Compassion is not Control

Compassion is a connection with your basic goodness each person must make for themselves. You can’t shame other people into compassion. You can’t give people a list of do’s and don’ts and call it compassion. You can’t create positive good simply by exhibiting negative reactions. You can act out of your compassion and spread that good energy from person to person (in writing, we call that “show don’t tell”). You can do your work for the justice, systemic change, or healing resources that provide care and self-empowerment. You can strengthen the interconnected circle by sharing your compassionate love, care, and work. Part of compassion is understanding everyone is in a different place in life and allowing each person to arrive where they need to be in their time. Charity said, (many times in my life) “The same rain that grows the corn, drowns the rat, honey. Rain don’t change so you'll have to.” To which Stone would probably say, “It’s up to the rat, but I’d find higher ground.”

Compassion is helping and helpful; connecting and collective. It’s the fuel that takes us to happiness, and allows others to find the path to their happiness too. Compassion is seeing. Compassion is opening. Compassion is allowing. For me, after all the thinking, reminiscing, and cushion clarity, I have found the middle way in my thinking on compassion – it is reasonable, and it is magical; it is strong enough to support and flexible enough to allow; it is somewhere between Charity and Stone.

----- The Bottom Line -----

  1. Compassion is part of all of us. It's our choice how to reach it and what to do with it.
  2. Compassion is a fuel that will take you anywhere worth visiting.
  3. Compassion and action are like peanut butter and chocolate - you can have each one separately, but they are better together.

For More Information

There are a number of sources wisdom on Compassion:

Fast Read:

Compassion Vs. Codependency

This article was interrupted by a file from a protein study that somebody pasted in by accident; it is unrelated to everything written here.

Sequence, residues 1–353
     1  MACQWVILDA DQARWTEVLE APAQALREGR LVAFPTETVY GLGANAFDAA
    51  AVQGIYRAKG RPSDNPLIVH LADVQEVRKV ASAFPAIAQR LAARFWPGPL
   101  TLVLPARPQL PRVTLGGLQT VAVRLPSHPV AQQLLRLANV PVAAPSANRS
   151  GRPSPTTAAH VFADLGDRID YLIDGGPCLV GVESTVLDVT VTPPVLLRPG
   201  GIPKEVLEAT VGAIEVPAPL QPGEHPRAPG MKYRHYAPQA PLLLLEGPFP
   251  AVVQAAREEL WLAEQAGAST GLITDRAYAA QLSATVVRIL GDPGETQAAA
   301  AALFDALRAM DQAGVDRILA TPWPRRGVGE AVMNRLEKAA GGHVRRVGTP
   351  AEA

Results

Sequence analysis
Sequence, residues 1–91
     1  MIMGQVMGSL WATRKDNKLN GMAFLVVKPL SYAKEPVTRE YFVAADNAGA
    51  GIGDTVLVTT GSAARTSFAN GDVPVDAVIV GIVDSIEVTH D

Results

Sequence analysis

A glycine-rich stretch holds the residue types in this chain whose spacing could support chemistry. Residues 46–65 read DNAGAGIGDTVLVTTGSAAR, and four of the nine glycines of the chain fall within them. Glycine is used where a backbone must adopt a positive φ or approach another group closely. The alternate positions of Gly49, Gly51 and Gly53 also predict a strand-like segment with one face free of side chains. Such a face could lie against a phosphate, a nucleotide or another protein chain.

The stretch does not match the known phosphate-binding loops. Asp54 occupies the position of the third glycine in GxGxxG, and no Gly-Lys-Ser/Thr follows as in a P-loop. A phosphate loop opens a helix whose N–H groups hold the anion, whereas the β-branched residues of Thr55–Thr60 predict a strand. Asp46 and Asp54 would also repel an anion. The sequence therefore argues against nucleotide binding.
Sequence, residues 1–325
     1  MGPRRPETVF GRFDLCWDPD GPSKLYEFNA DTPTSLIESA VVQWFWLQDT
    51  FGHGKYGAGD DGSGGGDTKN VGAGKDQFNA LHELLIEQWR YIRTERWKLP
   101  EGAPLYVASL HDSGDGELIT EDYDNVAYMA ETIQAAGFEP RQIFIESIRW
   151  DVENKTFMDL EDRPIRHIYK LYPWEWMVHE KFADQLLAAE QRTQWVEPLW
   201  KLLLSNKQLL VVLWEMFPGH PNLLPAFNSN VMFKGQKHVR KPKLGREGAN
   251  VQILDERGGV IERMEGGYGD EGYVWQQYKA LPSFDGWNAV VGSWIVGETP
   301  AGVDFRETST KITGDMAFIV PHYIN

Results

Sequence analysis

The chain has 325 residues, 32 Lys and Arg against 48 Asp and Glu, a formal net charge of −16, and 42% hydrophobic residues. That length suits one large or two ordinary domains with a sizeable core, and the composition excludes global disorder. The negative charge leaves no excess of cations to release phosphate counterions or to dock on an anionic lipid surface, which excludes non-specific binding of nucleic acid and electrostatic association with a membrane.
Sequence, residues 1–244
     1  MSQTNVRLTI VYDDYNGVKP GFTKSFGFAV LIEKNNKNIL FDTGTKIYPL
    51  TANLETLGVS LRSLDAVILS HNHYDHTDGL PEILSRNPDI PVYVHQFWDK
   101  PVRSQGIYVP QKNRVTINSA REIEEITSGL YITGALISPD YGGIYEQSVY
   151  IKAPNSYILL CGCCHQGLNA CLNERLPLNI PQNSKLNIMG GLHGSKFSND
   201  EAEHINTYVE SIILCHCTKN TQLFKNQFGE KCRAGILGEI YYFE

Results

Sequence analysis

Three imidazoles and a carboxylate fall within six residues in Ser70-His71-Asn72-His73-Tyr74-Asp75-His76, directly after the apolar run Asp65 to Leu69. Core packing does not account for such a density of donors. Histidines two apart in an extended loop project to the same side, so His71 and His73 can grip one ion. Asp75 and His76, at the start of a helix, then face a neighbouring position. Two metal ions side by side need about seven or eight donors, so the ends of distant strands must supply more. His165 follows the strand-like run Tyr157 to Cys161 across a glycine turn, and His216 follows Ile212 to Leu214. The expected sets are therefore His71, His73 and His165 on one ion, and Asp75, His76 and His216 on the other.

More Depth


By the Book

Cultivating Compassion


As for the country:

There is a city myth that country life was isolated and lonely; the truth is that farmers and their families then had a richer social life than they have now. They enjoyed a society organic, satisfying and whole, not mixed and thinned with the life of town, city and nation as it now is.

Rose Wilder Lane


Right Facebook

The prime directive of Buddhism is found in the Four Noble Truths – the beautifully bulleted, clear as a bell, seed of awakened wisdom that blossomed when Siddhārtha Gautama unfolded as The Buddha. Translated over time, language, media, and my simple minded approach to things -  it shakes out something like this:

  1. Every life has suffering.
  2. We suffer because we crave or cling to things that don’t last forever.
  3. There’s a way to stop suffering.
  4. The Noble Eightfold Path is the way.

And, of course, that list leads to…wait for it…another list! The Noble Eightfold Path reveals how we can put a block under the wheel of suffering and experience release from the constant cycle of rise and regret. The path is solid in structure and mammoth in depth of meaning, but here’s the short-attention-span version.

  1. Right View – Seeing the world the way it really is, not the way you want it to be.

  2. Right Intention – Understanding why you do what you do and making it a noble why.

  3. Right Action – Ensuring your actions don’t intentionally cause more suffering.

  4. Right Speech – Don’t deceive, confuse, accuse, or afflict with your communication.

  5. Right Livelihood – Making sure your lifework (career, stay-at-home parenting, volunteer occupation, garden growing – whatever) is honorable for your good and the good of others.

  6. Right Effort – Do things from the center of your practice – compassion. Even when it requires work or discipline, always compassion.

  7. Right Mindfulness – Be anchored is the immediacy of right now, not living in your head having imaginary conversations, making fantasy plans, or reviewing old slides.

  8. Right Concentration – Akin to meditation, it is focusing the mind on one thing. In meditation we often focus on the breath. In guided imagery we focus on one thought or affirmation. Training your mind to exclude the extraneous and stay on target will make you skillful and wise.